Soon after graduating from college, Davis began his professional career in law enforcement, serving as a juvenile probation officer in Houston. But those plans quickly got hijacked. As Joel tells it, “About six months into that job, my stepfather, who was running a family dredging business that built beaches in Belize, became ill and I was asked by the family if I would go to Belize and help oversee the day-to-day operations until he recovered. I was in my early 20s then and fresh out of college, but pulled up roots and headed off with my wife, Kristi, to Belize, where we spent the next year and a half. In some ways it was like living in paradise. I’d sit on the beach with a cooler, supervising workers piling up sand, then head out for an afternoon of scuba diving, flying Cessnas and just living the island life.”
After his stepfather recovered and was able to step back in, Joel, Kristi and their baby daughter Christian, headed back to Tomball, Texas to resume life closer to their roots. “We really needed to get Christian into kindergarten and this seemed to be the right timing. I figured I’d probably go back to law enforcement or teach.”
As fate would have it, those plans changed again when on a fortuitous summer day in 1998, a mutual friend introduced Joel to Gary Moore, owner of the Premiere Cinema circuit, which was also based in Texas. “I’d worked for Bill Herting, who owned the local theatre in Tomball where I’d been an usher during high school,” Davis recalls fondly. “Bill and I had stayed in touch, and when he found out I was back from Belize, he said his friend Gary was expanding Premiere and might be looking for some talent, so he suggested we meet. Gary flew into Houston and we met for lunch at Ninfa’s, and he told me if I stick with it I could be running the company one day!” Within two years, Joel had been promoted to director of operations, then executive VP. Since then, he’s worked with Moore and led the operations team as Premiere grew to over 300 screens in six states, with more under construction.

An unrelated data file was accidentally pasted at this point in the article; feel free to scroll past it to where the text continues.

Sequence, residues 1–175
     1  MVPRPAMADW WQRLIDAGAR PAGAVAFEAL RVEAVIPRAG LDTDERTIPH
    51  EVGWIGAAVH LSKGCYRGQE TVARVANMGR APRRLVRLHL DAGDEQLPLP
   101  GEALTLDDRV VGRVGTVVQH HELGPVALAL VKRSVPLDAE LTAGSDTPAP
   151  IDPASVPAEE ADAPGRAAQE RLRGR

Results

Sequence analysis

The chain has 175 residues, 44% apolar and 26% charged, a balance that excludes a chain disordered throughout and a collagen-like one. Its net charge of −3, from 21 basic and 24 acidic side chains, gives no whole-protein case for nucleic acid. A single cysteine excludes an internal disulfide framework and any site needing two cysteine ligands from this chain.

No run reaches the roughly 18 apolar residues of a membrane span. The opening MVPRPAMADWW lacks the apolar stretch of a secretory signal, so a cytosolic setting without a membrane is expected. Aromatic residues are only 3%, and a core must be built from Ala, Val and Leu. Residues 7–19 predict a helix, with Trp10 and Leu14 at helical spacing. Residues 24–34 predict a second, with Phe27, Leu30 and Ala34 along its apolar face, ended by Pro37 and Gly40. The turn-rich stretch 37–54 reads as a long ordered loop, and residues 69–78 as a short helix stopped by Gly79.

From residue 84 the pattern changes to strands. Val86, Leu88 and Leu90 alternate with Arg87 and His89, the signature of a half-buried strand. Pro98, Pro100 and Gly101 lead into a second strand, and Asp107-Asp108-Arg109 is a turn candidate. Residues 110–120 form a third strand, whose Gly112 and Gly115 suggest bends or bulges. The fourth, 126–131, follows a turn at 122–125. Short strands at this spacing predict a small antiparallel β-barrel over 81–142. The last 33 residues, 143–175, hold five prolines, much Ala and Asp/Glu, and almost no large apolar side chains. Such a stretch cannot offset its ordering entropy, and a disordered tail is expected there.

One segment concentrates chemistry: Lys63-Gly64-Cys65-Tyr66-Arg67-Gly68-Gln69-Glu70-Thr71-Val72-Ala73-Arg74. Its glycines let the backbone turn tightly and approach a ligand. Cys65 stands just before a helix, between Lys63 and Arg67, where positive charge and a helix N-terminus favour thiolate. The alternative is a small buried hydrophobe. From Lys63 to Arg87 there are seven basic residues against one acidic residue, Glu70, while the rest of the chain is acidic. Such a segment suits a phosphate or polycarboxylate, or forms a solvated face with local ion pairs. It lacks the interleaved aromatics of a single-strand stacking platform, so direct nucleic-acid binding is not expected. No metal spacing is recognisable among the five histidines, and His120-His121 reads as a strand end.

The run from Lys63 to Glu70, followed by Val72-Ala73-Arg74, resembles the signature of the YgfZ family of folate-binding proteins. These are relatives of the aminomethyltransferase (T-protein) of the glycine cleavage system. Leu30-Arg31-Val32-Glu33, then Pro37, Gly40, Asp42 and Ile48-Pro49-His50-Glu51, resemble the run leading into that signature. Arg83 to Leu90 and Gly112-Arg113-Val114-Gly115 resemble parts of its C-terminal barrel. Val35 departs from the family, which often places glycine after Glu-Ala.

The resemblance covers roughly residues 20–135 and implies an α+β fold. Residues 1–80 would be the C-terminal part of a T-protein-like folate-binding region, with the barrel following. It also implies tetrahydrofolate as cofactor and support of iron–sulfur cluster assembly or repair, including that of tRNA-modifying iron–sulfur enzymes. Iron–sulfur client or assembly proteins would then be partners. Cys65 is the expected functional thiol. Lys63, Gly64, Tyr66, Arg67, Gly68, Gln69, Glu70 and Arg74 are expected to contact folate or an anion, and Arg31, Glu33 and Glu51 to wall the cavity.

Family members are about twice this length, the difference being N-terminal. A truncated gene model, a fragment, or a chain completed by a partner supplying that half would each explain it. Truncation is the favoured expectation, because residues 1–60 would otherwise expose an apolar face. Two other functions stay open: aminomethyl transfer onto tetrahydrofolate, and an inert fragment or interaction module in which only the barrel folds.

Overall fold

“It’s been a great and rewarding ride. Everyone should be so lucky to be able to work in an industry and in a company they love and where their input matters,” says Davis. “We’re like a family at Premiere.”
Joel is the epitome of a diversified career, with roles ranging from husband, father, musician, inventor and beachcomber to law enforcement and dedicated cinema exhibitor. His love for the guitar makes Crossroads one of his favorite movies of all time. He credits Steven Spielberg and E.T. with making Reese’s Pieces his favorite movie snack and admits that outside of the theatre business his obsession is travel, having been on more cruises across the globe than he count. “Just put me on a cruise ship going anywhere and we’re there!” He’s managed to merge that love of travel in his theatre work also, routinely taking his theatre managers on all-expense-paid cruises to the Bahamas or the Caribbean as part of Premiere’s corporate culture.